Lightning's risk to individuals and property is increased because of its unpredictability, which emphasizes the importance of preparedness. It often strikes outside of heavy rain and may occur as far as 10 miles away from any rainfall. Most lightning deaths and injuries occur when people are caught outdoors in the summer months during the afternoon and evening.
- Average 93 deaths and 300 injuries each year
- Causes several hundred million dollars in damage to property and forests annually.
- Straight-line winds.
- Winds can exceed 100 mph!.
- One type straight-line wind, the downburst, can cause damage equivalent to a strong tornado.
- Large Hail.
- Causes nearly $1 billion in damage to property and crops annually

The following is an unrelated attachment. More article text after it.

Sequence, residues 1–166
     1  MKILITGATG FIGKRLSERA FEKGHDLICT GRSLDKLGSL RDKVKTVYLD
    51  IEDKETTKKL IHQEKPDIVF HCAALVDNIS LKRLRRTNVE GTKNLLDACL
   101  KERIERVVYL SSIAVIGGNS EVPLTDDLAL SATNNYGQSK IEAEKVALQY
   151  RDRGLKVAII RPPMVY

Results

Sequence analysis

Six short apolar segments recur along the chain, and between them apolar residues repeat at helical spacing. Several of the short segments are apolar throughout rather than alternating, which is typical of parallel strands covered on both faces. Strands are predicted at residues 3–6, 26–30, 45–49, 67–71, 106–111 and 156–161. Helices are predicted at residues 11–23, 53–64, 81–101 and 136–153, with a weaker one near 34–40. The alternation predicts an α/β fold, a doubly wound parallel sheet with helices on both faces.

- Costliest United States hailstorm: Denver Colorado, July 11 1990. Total damage was $625 million
- Flash Floods/floods.
- The number ONE thunderstorm killer nearly 140 fatalities each year
- Most flash flood deaths occur at night and when people become trapped in automobiles
Thunderstorms need three things:
- Moisture—to form clouds and rain.
- Unstable Air—relatively warm air that can rise rapidly.
- Lift—fronts, sea breezes and mountains are capable of lifting air to help form thunderstorms.
Thunderstorms are most likely to occur in the spring and summer months and during the afternoon and evening hours, but they can occur year-round and at all hours of the day or night. Thunder and lightning can sometimes even come with a snowstorm!
Thunderstorm Watch and Warnings.
A severe thunderstorm watch is issued by the National Weather Service when the weather conditions are such that a severe thunderstorm is likely to develop. (A severe thunderstorm has winds at least 58 miles per hour or hail at least three-fourths of an inch in diameter.)